The story is a first person account by a Virginian named simply Delapore (we never learn his first name) of the events that occurred after he moved to England to take up residence at his family's ancient demesne, about which there were unsavory legends.
On 16 July 1923, I moved into Exham Priory after the last workman had finished his labours. The restoration had been a stupendous task, for little had remained of the deserted pile but a shell-like ruin; yet because it had been the seat of my ancestors, I let no expense deter me. The place had not been inhabited since the reign of James the First, when a tragedy of intensely hideous, though largely unexplained, nature had struck down the master, five of his children, and several servants; and driven forth under a cloud of suspicion and terror the third son, my lineal progenitor and the only survivor of the abhorred line.
With this sole heir denounced as a murderer, the estate had reverted to the crown, nor had the accused man made any attempt to exculpate himself or regain his property. Shaken by some horror greater than that of conscience or the law, and expressing only a frantic wish to exclude the ancient edifice from his sight and memory, Walter de la Poer, eleventh Baron Exham, fled to Virginia and there founded the family which by the next century had become known as Delapore.Once he moves into Exham Priory, Delapore -- or de la Poer, as he starts to call himself, after the fashion of his forebears -- discovers that the locals hold him in suspicion, on account of his ancestors.
This leads him, with the assistance of a friend, Edward Norrys, to look more deeply into the history of the Priory and the de la Poer family.
Piecing together the tales which Norrys collected for me, and supplementing them with the accounts of several savants who had studied the ruins, I deduced that Exham Priory stood on the site of a prehistoric temple; a Druidical or ante-Druidical thing which must have been contemporary with Stonehenge. That indescribable rites had been celebrated there, few doubted, and there were unpleasant tales of the transference of these rites into the Cybele worship which the Romans had introduced ...
Likewise was it said that the rites did not vanish with the Roman power, and that certain among the Saxons added to what remained of the temple, and gave it the essential outline it subsequently preserved, making it the centre of a cult feared through half the heptarchy. About 1000 A.D. the place is mentioned in a chronicle as being a substantial stone priory housing a strange and powerful monastic order and surrounded by extensive gardens which needed no walls to exclude a frightened populace. It was never destroyed by the Danes, though after the Norman Conquest it must have declined tremendously, since there was no impediment when Henry the Third granted the site to my ancestor, Gilbert de la Poer, First Baron Exham, in 1261.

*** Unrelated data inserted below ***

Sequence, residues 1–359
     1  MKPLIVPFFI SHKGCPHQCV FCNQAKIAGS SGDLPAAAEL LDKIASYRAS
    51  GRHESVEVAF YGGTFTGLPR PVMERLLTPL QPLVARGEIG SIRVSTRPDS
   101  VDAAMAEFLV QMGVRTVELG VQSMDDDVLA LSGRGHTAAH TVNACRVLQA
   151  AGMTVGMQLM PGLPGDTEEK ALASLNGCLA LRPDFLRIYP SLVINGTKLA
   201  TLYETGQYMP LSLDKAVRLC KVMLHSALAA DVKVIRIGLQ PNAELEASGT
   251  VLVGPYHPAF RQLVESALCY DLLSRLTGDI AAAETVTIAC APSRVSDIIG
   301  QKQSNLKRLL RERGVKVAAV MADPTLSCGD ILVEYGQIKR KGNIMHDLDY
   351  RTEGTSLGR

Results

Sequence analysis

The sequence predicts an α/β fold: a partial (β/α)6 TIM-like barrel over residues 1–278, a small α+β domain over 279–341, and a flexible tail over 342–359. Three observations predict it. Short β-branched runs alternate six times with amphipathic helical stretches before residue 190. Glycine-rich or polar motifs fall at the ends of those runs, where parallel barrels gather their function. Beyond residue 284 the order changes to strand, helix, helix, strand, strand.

Finding out these and other facts only encourages de la Poer to delve further, as he is becoming near-obsessed with the mysteries of Exham Priory and, more immediately, his own family. It's around this time that the narrator begins to hear the "low, distinct scurrying, as of rats" behind the walls of his new home, even though neither he nor anyone else can find any signs of rodents in the Priory. Paying careful attention to the movements of these supposed rats, de la Poer concludes that they "were engaged in one stupendous migration from inconceivable heights to some depth conceivably or inconceivably below," which leads him into the cellars beneath Exham Priory, where he discovers Latin graffiti mentioning ancient deities even more sinister than Cybele. Nevertheless, he presses on, precipitating a revelation that brings the story to its fateful conclusion.Of my family before this date there is no evil report, but something strange must have happened then. In one chronicle there is a reference to a de la Poer as "cursed of God in 1307", whilst village legendry had nothing but evil and frantic fear to tell of the castle that went up on the foundations of the old temple and priory. The fireside tales were of the most grisly description, all the ghastlier because of their frightened reticence and cloudy evasiveness. They represented my ancestors as a race of hereditary daemons beside whom Gilles de Retz and the Marquis de Sade would seem the veriest tyros, and hinted whisperingly at their responsibility for the occasional disappearances of villagers through several generations.
Though "The Rats in the Walls" is far from Lovecraft's greatest work of fiction, it's still very enjoyable, having the virtues of being both short in length and direct in its presentation. It's also, as I noted, something of a bridge between his early work and his later output, which makes it a very good introduction to Lovecraft for those unfamiliar with his writings and themes. The story occupies a fond place in my memories because, when I had exhausted all the Lovecraft books I could find at my local library, my father took me down to the Central Library on Cathedral Street in downtown Baltimore, to look for more. Not only did I find many more books by and about HPL, but I also discovered a recording of David McCallum reading "The Rats in the Walls," to which I listened several times before having to return it to the library. It's one of the few Lovecraft stories I've ever heard read aloud, which may be why it has stayed in my imagination for so long.
(It's also worth noting that "The Rats in the Walls" is the story that prompted Robert E. Howard to write a letter of praise to Weird Tales, a letter that was then passed on to Lovecraft, thus initiating a lengthy and voluminous correspondence between the two writers, from 1924 to 1936.)